Michael Bloomberg continues to flaunt his billionaire status, this time by taking over your social media feed. His presidential campaign team is hiring over 500 “deputy digital organizers” to text their friends and post about him on their personal social media accounts. These organizers are being paid to share not only issues pertinent to his campaign but memes that make him look “cool.” Bloomberg’s team is willing to pay these hundreds of people more than $2,000 a month, according to documents reviewed by The Wall Street Journal. The social media marketing strategy is currently recruiting California residents to build support ahead of the state’s March 3 primary, but may later expand nationwide. Past presidential campaigns have encouraged supporters to post on social media but Bloomberg is taking it to the next level by paying people, experts said.
A staffer told the Journal Bloomberg’s social media strategy hopes to influence potential voters through people they know instead of through strangers, a strategy also adopted by the Trump campaign. While campaigners will traditionally call potential voters in their community, the digital organizers Bloomberg is employing will instead text friends and family and create daily posts on social media encouraging support for his presidency.
But the effort isn’t driven only by social media influencers. Bloomberg is working with a new company, Meme 2020, to generate memes related to his campaign as well, according to The New York Times. The campaign is also leveraging other technologies including Outvote, a political campaigning app. Outvote creates prewritten copy for texts and social media posts, with data being sent back to campaigns that will allow users to search friends’ voting records and send them content accordingly. A spokeswoman for Bloomberg’s campaign told the Journal that this was the future of political organizing, and that “one of the most effective ways of reaching voters is by activating their friends and network.”
Bloomberg’s campaign is tapping into any and every type of social media it can reach. Ads are appearing not only on news feeds through sponsored content and posts but through the stories option of popular apps like Snapchat and Instagram. Influencers are even sharing fake DM thread screenshots to promote the candidate. “While a meme strategy may be new to presidential politics, we’re betting it will be an effective component to reach people where they are and compete with President Trump’s powerful digital operation,” Sabrina Singh, a senior national spokeswoman for the Bloomberg campaign, told the Times.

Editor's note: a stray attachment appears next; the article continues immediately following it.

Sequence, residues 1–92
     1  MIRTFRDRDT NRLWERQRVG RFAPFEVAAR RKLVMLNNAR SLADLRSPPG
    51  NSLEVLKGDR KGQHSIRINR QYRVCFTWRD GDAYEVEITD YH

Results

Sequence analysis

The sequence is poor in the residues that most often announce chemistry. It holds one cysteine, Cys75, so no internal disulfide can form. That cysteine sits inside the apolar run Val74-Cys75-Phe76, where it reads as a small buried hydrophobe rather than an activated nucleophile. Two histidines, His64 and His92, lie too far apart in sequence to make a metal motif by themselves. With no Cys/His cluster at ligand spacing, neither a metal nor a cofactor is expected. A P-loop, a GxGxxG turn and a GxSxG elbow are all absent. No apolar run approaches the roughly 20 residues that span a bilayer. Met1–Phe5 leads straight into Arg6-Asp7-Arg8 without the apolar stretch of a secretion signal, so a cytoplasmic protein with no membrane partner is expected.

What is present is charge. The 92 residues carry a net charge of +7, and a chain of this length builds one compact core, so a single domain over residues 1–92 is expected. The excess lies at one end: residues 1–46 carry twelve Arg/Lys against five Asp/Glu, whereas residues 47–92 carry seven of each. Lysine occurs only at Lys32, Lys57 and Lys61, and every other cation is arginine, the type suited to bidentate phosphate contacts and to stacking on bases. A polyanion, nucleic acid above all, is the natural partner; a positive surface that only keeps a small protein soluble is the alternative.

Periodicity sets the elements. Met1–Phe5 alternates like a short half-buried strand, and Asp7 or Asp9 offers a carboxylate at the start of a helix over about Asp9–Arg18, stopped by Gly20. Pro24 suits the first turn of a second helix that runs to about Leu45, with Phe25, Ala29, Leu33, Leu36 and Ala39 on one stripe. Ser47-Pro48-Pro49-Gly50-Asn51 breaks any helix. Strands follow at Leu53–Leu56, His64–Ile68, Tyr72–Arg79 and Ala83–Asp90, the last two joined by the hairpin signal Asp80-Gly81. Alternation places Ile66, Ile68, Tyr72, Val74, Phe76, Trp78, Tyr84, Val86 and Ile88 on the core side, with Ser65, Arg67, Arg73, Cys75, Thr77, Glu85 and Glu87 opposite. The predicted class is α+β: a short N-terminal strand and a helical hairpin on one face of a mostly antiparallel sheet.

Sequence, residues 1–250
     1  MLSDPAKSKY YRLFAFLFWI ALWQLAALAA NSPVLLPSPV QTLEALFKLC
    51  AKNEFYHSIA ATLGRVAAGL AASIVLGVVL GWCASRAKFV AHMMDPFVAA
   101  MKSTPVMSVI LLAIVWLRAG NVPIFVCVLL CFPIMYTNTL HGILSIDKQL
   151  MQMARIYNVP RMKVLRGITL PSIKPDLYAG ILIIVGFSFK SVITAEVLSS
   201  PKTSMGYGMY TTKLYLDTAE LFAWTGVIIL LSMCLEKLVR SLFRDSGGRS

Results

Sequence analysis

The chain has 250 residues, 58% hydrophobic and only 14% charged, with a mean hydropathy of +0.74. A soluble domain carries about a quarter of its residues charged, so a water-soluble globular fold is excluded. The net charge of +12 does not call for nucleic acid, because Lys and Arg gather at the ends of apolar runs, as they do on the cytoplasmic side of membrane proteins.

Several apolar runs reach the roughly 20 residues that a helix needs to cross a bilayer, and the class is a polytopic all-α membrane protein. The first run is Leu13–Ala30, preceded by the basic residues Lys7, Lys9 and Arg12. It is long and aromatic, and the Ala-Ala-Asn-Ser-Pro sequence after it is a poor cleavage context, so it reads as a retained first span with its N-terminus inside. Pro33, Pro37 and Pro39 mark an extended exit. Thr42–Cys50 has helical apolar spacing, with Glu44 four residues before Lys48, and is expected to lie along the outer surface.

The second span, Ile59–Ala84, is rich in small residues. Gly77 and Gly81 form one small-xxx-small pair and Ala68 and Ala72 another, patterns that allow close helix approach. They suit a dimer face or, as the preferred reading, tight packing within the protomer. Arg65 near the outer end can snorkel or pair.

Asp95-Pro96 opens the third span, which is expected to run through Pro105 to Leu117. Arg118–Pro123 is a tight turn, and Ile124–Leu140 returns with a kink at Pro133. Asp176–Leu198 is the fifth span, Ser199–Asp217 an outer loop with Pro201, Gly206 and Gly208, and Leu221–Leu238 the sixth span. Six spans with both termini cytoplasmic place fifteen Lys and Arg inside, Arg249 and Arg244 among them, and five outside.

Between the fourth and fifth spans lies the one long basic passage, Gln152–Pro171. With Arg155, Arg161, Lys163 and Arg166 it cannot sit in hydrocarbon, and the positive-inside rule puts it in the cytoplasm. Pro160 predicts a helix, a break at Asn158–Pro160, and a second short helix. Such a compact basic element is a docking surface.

Facebook and Instagram rules stipulate that sponsored or paid posts must have a disclaimer noting the sponsorship. These rules are in place to ensure the content’s authenticity, but branded content is not the same as advertising, a Facebook official told The Hill. The social media platform believes it’s important to make users aware when they are seeing paid content, but stressed the difference between the two. "After hearing from multiple campaigns, we agree that there’s a place for branded content in political discussion on our platforms. We’re allowing US-based political candidates to work with creators to run this content, provided the political candidates are authorized and the creators disclose any paid partnerships through our branded content tools," the Facebook representative said.
But while Facebook and Instagram require sponsored content to be disclosed as such, the Journal found that several social media posts from people being paid by Bloomberg’s campaign failed to label content as sponsored. According to the U.S. Federal Trade Commission, even tagging a brand or business is a form of endorsement that must be disclosed to audiences as paid content. Bloomberg’s campaign is paying individuals to post content on social media as personal when it is actually brand-driven, with Bloomberg being the brand.
“We’re trying to be innovative with how we’re translating the campaign message on social, trying to do it how the internet actually works,” an aide to the Bloomberg campaign told the Times. “Tweeting from @mikebloomberg is a very 2008 strategy.” Several people who did not previously think about supporting Bloomberg have expressed interest in posting for him, as well as created content in support of his campaign due to the paycheck associated with doing so. “We want to work with creators and we’ve never been shy about paying people for creative work,” the aide said.
Bloomberg has already spent $50 million on digital ads, according to The Washington Post. In addition, he is expected to spend more than $400 million on his campaign overall. Food and travel blogger Alycia Chrosniak told Reuters she received communication from the Bloomberg campaign offering to pay her to create content about her support for him, despite him not being her top choice. While Chrosniak said she did not take the offer, many other social media influencers, including meme pages, have.
Bloomberg is using his wealth to buy support online, but whether it’s genuine or not remains a question. An even bigger question is: Will this online support continue when the polls open?